Employers stumble over poor leadership and changing cultures
- A new Udemy study of 1,000 full-time U.S. workers found that challenges for employers persist around gender, cultural and leadership issues. Results from the study, "Udemy In Depth: 2018 Employee Experience Report," show that while companies are striving to provide positive employee experiences and focus on talent retention, they're still trying keep up with cultural and technological shifts in the workplace. For example, 45% of women in the study feel unsupported professionally by their bosses, versus 30% of men who feel the same.
- From their first day on the job, most of the respondents (69%) reported feeling pressured to demonstrate their value to their organization within three months on the job. Certain groups felt the pressure more than others, including women (37%), older employees (35%), employees without college degrees (37%) and non-managers (36%).
- Poorly trained managers are threatening employers' retention efforts, according to the respondents. Nearly half said they've quit a job because of a bad manager, 56% think managers are promoted prematurely and 60% think managers need managerial training.
Creating a positive employee experience for all workers isn't an easy task, but when one group's experience leaves its members feeling unsupported, mismanaged or more pressured than others to prove their worth, HR must step in with solutions. A lot of the issues described by the Udemy report tie back to cultural initiatives, many of them related to inclusion. Establishing a culture of diversity and inclusion (D&I) is crucial in providing all employees with the same development opportunities and level of support. Top employers provide education on implicit bias, generation diversity, sexual orientation, gender differences and racial/ethnic differences in leadership style and communication, according to Diversity Best Practices.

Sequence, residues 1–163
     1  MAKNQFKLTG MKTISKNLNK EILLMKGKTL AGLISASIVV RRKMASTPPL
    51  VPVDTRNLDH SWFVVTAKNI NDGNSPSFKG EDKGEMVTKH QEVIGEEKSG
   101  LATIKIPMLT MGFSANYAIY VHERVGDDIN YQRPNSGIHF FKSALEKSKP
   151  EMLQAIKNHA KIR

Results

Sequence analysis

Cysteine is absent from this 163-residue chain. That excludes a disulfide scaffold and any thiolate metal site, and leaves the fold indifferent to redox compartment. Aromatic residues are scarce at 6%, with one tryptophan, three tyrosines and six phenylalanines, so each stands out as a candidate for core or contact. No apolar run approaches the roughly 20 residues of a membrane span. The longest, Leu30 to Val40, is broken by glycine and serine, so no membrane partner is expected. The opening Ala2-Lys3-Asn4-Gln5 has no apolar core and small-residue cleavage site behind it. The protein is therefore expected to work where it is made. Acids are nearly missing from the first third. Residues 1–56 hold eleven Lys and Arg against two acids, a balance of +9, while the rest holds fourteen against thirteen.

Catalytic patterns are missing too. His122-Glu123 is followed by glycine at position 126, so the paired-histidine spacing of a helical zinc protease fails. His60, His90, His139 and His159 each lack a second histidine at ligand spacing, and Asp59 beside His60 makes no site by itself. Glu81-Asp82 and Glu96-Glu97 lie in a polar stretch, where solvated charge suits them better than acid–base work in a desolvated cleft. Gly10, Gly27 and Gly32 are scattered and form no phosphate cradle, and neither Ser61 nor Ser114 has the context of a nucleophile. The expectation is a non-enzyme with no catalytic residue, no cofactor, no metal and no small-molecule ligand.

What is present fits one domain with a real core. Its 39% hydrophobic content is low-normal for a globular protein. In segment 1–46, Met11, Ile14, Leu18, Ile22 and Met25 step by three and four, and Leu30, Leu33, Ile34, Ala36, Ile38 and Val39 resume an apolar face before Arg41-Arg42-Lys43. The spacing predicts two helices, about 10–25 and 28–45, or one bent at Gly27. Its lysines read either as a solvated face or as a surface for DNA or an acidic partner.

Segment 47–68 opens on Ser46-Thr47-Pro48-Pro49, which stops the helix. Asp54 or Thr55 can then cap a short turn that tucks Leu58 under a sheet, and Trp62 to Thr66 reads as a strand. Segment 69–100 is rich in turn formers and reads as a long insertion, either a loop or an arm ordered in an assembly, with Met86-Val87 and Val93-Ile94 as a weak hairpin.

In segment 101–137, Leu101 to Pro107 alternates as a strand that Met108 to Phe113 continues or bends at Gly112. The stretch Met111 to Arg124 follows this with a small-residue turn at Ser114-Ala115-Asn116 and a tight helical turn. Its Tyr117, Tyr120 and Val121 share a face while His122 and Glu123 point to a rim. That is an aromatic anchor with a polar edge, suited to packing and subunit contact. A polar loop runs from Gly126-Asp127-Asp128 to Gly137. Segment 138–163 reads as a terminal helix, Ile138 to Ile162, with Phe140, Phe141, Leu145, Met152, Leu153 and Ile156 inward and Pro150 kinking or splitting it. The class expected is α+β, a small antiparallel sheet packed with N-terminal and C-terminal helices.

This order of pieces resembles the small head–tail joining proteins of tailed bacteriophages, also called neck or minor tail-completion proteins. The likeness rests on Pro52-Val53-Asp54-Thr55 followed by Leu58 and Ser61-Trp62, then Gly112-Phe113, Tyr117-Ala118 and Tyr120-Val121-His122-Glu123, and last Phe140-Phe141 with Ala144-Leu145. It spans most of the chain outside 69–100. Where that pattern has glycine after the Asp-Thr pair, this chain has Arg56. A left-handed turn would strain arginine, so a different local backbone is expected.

In the absence of training, managers aren't always able to take on the leadership roles expected of them. The consequence for employers can be higher turnover, which often stems from dissatisfied workers who were driven out by bad management. Managers even admit that they need training to better manage others. Whatever the reason managers may be falling behind, they need the skills and tools to lead others, especially in a changing business environment, and that often requires formal training.